(Back to top) Licensing and certification requires classroom study, tests and experience working under a supervisor. Once an appraiser is licensed, he or she is required to engage in continuing education courses in order to keep the license current. To see the specific requirements for any state click here.

Who engages the services of appraisers?   (Back to top)

Mortgage lenders are an appraiser's typical customer, requesting their services to ensure property involved in a mortgage transaction is adequate collateral for a loan. Attorneys and CPAs also retain the services of appraisers for divorce and estate settlements.

Where does an appraiser get the information used to estimate values in San Diego County or other areas?   (Back to top)

One of the most important activities of an appraiser is to collect data. Data can be classified as either Specific or General. Specific data is collected from the property itself; Location, condition, amenities, size and other specifics are noted by the appraiser while on site.

General data is gathered from a number of sources. Local Multiple Listing Services (MLS) provide data on recently sold homes that might be used as comparables. Tax records and other courthouse documents reveal actual sales prices in a market. Appraisers often need to report when a property lies in a flood zone, and that information is retrieved from a FEMA data outlet such as a la mode's InterFlood service.

And last but not least, the appraiser gathers general data from his or her past experience in creating appraisals for other properties in the same market.

Why should I hire a licensed appraiser?   (Back to top)

If you're involved in some sort of financial decision and the value of your home matters, you'll want to hire a licensed appraiser. For those selling a home, you'll want to determine the price that gets you the most profit but doesn't leave your home on the market too long; an appraisal can help with that. If you're buying, it makes sure you don't overpay. For people settling an estate or divorce, an appraisal from Correct Appraisals is the best documentation to ensure assets are divided properly. A house is often the single, largest financial asset anybody owns. Knowing its true value means you can make wise financial decisions.

My mortgage statement has an item on it for PMI? Can I get rid of that?   (Back to top)

PMI stands for Private Mortgage Insurance. This supplemental policy takes care of the lender in case a borrower doesn't pay on the loan and the value of the home is lower than what is owed on the loan. Once you can prove the amount you owe on your home is less than 80% of the home's market value, you can make a case to your lender to drop the PMI.

Has your real estate appreciated since you first purchased? Call Correct Appraisals today at 619-269-7673 to see if you can get rid of your Private Mortgage Insurance payment.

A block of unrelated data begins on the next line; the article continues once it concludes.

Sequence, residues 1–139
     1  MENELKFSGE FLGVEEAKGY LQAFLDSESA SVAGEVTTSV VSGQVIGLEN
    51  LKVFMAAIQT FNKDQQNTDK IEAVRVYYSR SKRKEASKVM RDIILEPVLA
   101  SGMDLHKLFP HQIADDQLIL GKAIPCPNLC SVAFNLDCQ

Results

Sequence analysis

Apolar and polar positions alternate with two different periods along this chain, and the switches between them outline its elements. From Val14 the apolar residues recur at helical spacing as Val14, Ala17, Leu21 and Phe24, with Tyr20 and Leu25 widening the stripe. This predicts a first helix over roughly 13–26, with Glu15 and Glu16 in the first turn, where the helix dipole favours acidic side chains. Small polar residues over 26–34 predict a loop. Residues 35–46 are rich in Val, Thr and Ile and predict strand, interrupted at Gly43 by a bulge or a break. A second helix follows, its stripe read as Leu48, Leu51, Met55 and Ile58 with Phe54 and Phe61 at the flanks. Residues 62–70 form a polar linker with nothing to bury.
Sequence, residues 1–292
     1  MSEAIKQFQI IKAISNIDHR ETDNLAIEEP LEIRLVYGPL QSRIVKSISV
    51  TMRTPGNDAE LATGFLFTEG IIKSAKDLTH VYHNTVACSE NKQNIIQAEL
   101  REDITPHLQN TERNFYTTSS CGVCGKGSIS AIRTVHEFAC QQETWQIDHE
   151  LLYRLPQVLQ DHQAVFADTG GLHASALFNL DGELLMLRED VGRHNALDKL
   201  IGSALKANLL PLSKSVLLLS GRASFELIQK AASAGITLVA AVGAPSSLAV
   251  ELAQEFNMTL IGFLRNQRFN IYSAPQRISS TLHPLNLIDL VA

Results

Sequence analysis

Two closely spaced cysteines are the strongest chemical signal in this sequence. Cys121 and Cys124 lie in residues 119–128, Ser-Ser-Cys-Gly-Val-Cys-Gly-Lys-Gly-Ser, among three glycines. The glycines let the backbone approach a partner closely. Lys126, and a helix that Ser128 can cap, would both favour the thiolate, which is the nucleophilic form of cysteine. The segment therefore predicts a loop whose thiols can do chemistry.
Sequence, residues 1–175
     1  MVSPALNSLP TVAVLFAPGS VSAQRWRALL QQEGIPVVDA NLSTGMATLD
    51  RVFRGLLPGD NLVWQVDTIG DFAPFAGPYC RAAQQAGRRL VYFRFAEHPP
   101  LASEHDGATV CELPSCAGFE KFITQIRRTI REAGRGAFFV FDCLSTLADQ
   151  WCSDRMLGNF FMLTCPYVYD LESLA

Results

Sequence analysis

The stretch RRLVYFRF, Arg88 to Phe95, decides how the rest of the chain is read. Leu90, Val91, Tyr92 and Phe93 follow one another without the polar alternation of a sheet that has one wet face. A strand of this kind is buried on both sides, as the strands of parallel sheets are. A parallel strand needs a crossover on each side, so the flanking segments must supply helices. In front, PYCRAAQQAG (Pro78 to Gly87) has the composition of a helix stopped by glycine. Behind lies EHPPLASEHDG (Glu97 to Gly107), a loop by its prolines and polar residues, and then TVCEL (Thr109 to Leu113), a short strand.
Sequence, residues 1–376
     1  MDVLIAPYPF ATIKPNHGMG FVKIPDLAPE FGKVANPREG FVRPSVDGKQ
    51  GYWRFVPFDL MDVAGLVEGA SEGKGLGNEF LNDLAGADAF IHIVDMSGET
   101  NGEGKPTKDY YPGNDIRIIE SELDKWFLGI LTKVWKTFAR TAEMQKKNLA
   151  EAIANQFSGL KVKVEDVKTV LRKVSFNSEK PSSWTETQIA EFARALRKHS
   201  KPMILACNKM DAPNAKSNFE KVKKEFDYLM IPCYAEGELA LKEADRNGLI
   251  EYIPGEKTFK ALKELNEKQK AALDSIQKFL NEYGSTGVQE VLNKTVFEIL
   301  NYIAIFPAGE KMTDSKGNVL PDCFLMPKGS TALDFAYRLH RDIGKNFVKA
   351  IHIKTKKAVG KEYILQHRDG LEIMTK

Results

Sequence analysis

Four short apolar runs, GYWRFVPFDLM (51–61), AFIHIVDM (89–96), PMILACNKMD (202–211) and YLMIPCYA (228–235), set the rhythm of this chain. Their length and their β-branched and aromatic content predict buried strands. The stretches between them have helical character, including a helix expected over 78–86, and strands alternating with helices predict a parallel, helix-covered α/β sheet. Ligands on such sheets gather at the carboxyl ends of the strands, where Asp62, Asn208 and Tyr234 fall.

Does the appraiser need anything from the homeowner in advance?   (Back to top)

We begin with an inspection of the home. During this process, we will come to your home and measure it, determine the layout of the rooms inside, confirm all aspects of the home's general condition, and take several photos of your house for inclusion in the report. On the home's interior, pick up any clutter and make sure we can find our way to things like furnaces and water heaters. On the outside, trim any bushes so we can be free to get an accurate measurement of exterior walls.

The following items, if available, will help your appraiser to provide a more accurate appraisal in a shorter period of time:
  • Information on any written private agreements, such as a shared driveway with a neighbor.
  • Title policy that lists encroachments or easements.
  • Any "Homeowners Associations" agreements or, if applicable, condo covenants or fees .
  • A list of any major home improvements and upgrades, the amount of their purchase and date of their installation (for example, the addition of Insulation or roof repairs) and permit confirmation (if available).
  • A list of "proposed" improvements if the property is to be appraised "as complete".

Define "Market Value"   (Back to top)

In real estate appraising, Market Value (as opposed to Fair Market Value) is commonly defined as:

"The most probable price (in terms of money) which a property should bring in a competitive and open market under all conditions requisite to a fair sale, the buyer and seller each acting prudently and knowledgeably, and assuming the price is not affected by undue stimulus. Implicit in this definition is the consummation of a sale as of a specified date and the passing of title from seller to buyer under conditions whereby: the buyer and seller are typically motivated; both parties are well informed or well advised, and acting in what they consider their best interests; a reasonable time is allowed for exposure in the open market; payment is made in terms of cash in United States dollars or in terms of financial arrangements comparable thereto; and the price represents the normal consideration for the property sold unaffected by special or creative financing or sales concessions granted by anyone associated with the sale."

Who has rights to the appraisal report?   (Back to top)

In most real estate transactions, the appraisal is ordered by the lender. Even though it's the buyer that eventually pays for the report, the lender is the intended user. The buyer is certainly entitled to a copy of the report - it's usually bundled with all the other closing documents - but is not allowed to use the report for any other purpose without permission from the lender.

This rule doesn't apply when a home owner engages an appraiser directly. In these situations, the appraiser may state how the appraisal can be used; for PMI removal, or estate planning or tax challenges, for example. If not stipulated otherwise, the home owner can do whatever they want with the appraisal.

Which home renovations add the most to the price?   (Back to top)

A home's location - what city it is in and even what part of that city - is key to this popular question. For example, installing an inline humidifier could be nice in arid regions, but completely useless near the coast!

As a rule, the best ROI from renovating a home comes in the kitchen. One recent study revealed that putting $20,000 into a kitchen remodel would add about $17,500 to the value of the home - or about an 88% return on investment. Bathrooms are right up there with kitchens, returning 85%. Adding bedrooms and baths can also increase the value of your home as long as your home doesn't then become atypical for your neighborhood in terms of size.